What I mean is that the business remains the same. It's just a little more refined.

                        Statistically, there are fewer seriously injured and fatalities in MMA than in boxing?

                        On the other hand, bodybuilding was never a sport for the poor who are looking to prosper, because in most cases it is an expensive sport where you spend more money than you get. Of course, there are some guys who came from nowhere and transformed their bodies and their lives thanks to bodybuilding, but it is a minority. Money was never or should be the motivation to compete in this sport. That is why you see so many master athletes competing, they are losing money, not making money.
                        http://betionastore.es/

                        Comment


                        • #13
                          Originally posted by lifepulse View Post
                          I feel bodybuilding is at this same crucial nexus right now. It was always about "being open-ended and taking shit as far as possible". But we kinda' DID THAT-- with Ronnie, Dorian, etc. Questing for "MORE THAN THAT", is doing nothing but 1) leading to guts that make everybody hate the division, 2) leading to early deaths that make everybody hate the division, and 3) leading to implants and SEO and fake shit, that are making even real fans like YOU AND ME, hate the fucking division.
                          A few weeks ago I told harmankardon that the zenith of the sport is now in the past and that it will never return.

                          But my opinion was not based so much on health problems, but on what bodybuilders look like. The have taken the body to the limit, peds technology can improve, but human genetics does not seem to be able to withstand more advances without falling in the process. We have gone from diet and training to drugs, and from drugs to slin, GH and diuretics, to a lot of SEO. The result is bullshit.

                          We have dead dudes and worse bodies, so yeah, its need to stop stepping on the gas. But no one's going to slow down too much
                          http://betionastore.es/

                          Comment


                          • #14
                            Originally posted by Beti ona View Post

                            Totally true, but MMA is just another form of exploitation, now they use poor people from Asia and South America instead of black Americans.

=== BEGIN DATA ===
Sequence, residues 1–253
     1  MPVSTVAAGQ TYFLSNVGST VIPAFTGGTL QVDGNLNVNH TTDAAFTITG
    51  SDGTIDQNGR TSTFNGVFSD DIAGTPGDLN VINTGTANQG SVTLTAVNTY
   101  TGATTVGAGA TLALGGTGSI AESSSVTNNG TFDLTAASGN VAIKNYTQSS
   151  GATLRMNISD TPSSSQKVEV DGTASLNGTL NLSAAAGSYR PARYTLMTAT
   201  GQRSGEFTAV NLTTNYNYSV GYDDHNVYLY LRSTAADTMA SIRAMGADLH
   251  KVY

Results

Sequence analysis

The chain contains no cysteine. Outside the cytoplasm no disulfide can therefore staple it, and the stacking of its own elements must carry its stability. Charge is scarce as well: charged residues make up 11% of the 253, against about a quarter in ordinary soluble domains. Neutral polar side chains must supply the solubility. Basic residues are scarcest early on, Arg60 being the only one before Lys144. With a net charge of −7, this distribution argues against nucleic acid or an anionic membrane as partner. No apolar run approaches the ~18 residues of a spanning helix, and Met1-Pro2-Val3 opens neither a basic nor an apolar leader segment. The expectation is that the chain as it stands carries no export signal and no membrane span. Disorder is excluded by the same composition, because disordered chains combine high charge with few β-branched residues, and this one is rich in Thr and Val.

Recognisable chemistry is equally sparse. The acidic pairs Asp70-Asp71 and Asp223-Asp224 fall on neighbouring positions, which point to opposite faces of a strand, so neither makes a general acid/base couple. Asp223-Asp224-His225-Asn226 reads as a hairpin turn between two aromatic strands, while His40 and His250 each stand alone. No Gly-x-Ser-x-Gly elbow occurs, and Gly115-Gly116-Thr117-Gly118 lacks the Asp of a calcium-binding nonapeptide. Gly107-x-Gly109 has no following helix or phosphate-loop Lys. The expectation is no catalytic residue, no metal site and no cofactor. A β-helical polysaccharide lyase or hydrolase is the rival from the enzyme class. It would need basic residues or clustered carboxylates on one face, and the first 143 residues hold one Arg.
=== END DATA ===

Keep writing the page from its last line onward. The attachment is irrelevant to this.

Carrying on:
What I mean is that the business remains the same. It's just a little more refined.

                            Statistically, there are fewer seriously injured and fatalities in MMA than in boxing?

                            On the other hand, bodybuilding was never a sport for the poor who are looking to prosper, because in most cases it is an expensive sport where you spend more money than you get. Of course, there are some guys who came from nowhere and transformed their bodies and their lives thanks to bodybuilding, but it is a minority. Money was never or should be the motivation to compete in this sport. That is why you see so many master athletes competing, they are losing money, not making money.

                            Your first point-- I think that's just "the march of history over time"-- everything that Nietzsche and Sartre and Marx were struggling to put into words. There will always be people with more wealth/power/status, and there will always be those fighting to GET more wealth/power/status-- the the people in the first camp will use their wealth/power/status the exploit those in the latter class. The exact formulation of the setup evolves over time-- maybe becomes "more fair to trans people" or "to black people" or "more protective of mental health" or "physical safety"-- the "public", or "society", redefines standards of values over time, and it evolves, simple as that, based on what else is culturally relevant (god and religion vs. science-- materialism vs. spiritualism-- etc.). Now, it's no longer okay to exploit black people, but it's still okay to exploit Asians and South Americans. But in 20 years, that will no longer be okay, and things will change again.